The debate about the Hugo Awards is still going on and reaching ever more ridiculous proportions. If you feel like wading into all that, the tireless Mike Glyer at File 770 offers daily summaries of the latest entries in the debate. And if you’re in need of a laugh, check out “Sad Puppies Review Books” by Alexandra Erin, parody reviews of popular (American) children’s books written Sad Puppy style.
With all the controversy surrounding the Hugos, it’s easy to forget the other important SFF award, which would be a pity, because the winners of the 2014 Nebula Awards have been announced this weekend.
As I said in my Nebula nominations reaction post from February, this year offered a worthy and pleasantly diverse group of Nebula nominees and the winners reflect this.
Jeff Vandermeer wins in the Best Novel category for Annihilation, the first book in his Southern Reach trilogy. It’s certainly a worthy winner, though personally I prefer both Ancillary Sword and The Goblin Emperor (and it’s going to be very hard to decide which one to give the top spot on my Hugo ballot). What is more, Jeff Vandermeer’s Southern Reach trilogy very likely lost a Hugo nomination due to puppy shenanigans, so I’m happy to see him win the Nebula.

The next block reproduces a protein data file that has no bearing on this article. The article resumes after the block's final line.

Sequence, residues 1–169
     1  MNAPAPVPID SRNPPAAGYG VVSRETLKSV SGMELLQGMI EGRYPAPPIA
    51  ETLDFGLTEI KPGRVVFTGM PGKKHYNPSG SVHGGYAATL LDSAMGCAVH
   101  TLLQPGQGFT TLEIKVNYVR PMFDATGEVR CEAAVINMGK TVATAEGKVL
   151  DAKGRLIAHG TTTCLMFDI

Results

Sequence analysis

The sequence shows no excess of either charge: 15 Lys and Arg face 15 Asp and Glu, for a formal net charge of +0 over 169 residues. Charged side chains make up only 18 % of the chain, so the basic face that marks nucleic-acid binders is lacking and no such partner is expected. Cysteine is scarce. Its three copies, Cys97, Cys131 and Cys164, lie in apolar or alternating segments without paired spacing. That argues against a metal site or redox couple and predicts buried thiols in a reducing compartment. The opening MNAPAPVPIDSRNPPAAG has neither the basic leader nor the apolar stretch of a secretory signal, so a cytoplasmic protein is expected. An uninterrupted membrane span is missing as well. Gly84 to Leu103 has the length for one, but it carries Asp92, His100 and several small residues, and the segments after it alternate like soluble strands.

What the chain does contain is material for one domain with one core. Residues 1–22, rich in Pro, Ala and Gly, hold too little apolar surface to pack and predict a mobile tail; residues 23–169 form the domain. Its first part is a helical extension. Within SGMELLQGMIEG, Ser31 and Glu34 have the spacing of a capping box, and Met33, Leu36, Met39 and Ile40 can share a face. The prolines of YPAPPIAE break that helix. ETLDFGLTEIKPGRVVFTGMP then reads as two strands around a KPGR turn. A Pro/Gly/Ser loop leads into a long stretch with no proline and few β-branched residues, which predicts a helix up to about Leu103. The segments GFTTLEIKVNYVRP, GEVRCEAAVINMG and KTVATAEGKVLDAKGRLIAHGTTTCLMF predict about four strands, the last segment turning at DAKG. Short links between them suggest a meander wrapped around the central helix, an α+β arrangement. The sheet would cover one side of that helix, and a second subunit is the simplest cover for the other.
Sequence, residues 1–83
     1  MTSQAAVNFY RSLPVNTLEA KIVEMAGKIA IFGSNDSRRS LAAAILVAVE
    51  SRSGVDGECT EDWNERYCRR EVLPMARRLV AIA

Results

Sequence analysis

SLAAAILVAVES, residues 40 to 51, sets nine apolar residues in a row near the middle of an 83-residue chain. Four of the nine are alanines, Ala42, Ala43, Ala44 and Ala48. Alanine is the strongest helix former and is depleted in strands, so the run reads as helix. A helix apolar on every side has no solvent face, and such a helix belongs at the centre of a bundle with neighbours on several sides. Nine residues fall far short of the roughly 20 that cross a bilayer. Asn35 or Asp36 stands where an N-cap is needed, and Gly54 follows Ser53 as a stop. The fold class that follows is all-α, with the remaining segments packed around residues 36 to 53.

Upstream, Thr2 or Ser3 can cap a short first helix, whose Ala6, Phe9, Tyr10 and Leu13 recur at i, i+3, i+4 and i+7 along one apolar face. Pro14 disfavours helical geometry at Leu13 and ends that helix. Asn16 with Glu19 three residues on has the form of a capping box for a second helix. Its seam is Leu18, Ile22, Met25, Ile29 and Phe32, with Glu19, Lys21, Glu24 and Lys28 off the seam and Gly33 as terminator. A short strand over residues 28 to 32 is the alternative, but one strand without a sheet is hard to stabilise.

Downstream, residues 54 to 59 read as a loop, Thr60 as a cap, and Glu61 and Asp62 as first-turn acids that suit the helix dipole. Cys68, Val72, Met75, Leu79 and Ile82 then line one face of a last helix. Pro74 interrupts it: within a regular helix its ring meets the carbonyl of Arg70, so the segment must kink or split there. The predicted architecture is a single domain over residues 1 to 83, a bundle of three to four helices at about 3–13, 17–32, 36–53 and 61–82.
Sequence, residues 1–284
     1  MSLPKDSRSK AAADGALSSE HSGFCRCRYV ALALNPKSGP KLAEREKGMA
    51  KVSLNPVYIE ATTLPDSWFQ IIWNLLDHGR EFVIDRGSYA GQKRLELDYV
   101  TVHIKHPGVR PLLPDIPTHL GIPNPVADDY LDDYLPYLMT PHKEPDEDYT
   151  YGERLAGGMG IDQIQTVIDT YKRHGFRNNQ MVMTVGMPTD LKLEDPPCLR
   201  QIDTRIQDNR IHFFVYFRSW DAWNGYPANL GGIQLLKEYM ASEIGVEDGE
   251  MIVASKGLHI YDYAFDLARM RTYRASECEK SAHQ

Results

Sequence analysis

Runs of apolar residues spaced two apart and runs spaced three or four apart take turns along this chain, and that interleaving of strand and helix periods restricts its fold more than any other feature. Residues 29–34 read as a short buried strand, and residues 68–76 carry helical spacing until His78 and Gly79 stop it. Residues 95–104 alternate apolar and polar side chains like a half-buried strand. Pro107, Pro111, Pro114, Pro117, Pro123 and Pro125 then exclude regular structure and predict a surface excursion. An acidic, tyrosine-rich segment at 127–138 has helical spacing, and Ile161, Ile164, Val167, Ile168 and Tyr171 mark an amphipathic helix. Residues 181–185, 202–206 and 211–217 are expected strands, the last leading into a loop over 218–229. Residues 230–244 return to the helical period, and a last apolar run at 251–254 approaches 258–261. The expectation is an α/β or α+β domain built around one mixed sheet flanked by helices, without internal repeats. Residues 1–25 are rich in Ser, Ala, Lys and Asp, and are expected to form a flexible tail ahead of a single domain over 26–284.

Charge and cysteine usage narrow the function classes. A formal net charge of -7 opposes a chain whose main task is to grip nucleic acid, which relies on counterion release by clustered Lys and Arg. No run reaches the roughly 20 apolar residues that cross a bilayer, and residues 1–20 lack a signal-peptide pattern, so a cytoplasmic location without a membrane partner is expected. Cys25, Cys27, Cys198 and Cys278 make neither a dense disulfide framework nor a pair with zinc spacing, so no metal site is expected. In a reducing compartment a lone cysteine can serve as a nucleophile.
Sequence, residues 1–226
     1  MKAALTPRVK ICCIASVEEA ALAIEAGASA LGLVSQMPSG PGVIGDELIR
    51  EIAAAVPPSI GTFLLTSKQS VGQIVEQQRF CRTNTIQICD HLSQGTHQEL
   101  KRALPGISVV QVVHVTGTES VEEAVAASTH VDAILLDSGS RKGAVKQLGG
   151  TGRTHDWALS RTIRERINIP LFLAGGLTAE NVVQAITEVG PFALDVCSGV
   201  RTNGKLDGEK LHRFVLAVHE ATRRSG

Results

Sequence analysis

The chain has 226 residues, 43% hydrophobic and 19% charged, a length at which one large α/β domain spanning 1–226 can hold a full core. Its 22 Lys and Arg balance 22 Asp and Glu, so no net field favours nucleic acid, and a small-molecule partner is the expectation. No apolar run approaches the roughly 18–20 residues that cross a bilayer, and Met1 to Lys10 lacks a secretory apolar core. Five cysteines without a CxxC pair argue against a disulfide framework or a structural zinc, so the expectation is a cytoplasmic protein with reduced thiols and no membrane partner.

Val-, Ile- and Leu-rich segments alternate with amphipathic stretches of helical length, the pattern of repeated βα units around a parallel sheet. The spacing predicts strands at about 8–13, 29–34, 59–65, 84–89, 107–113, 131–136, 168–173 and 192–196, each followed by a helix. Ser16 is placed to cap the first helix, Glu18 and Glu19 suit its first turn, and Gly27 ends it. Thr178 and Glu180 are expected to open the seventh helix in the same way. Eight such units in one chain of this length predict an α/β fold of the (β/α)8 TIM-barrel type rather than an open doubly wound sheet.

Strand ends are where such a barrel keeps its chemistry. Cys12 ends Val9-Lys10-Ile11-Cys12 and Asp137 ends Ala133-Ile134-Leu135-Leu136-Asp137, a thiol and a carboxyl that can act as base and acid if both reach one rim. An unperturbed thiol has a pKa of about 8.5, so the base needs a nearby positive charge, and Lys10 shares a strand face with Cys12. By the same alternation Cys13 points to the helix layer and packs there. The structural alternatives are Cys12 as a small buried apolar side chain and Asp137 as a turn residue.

I loved Ursula Vernon’s “Jackalope Wives”, which won in the short story category, and indeed the story was on my Hugo nomination ballot. Alaya Dawn Johnson took home two well-deserved Nebulas, one in the novelette category as well as the Andre Norton Award for the best YA book. Nancy Kress in the novella category is another worthy winner, though I haven’t read the work in question.
Guardians of the Galaxy won in the dramatic presentation category, proving that at least this year, colourful and fun science fiction won out over dull and earnest entries like Interstellar. But then I feel that Guardians of the Galaxy is really the SFF movie to beat this year, even though puppy shenanigans may have harmed its chances at the Hugo due to several voters having vowed to place all slate nominees (and Guardians was on the puppy slate, because even crying canines occasionally have taste) under “No Award”.
The recipients of the Grand Master and Solstice Awards are all very worthy choices as well, though it’s a pity that Joanna Russ couldn’t receive this honour in her lifetime. I also agree with some of the commenters at File 770 that deserving as Larry Niven is, it would be great to see more Grand Master Awards go to the many great women writers in the genre.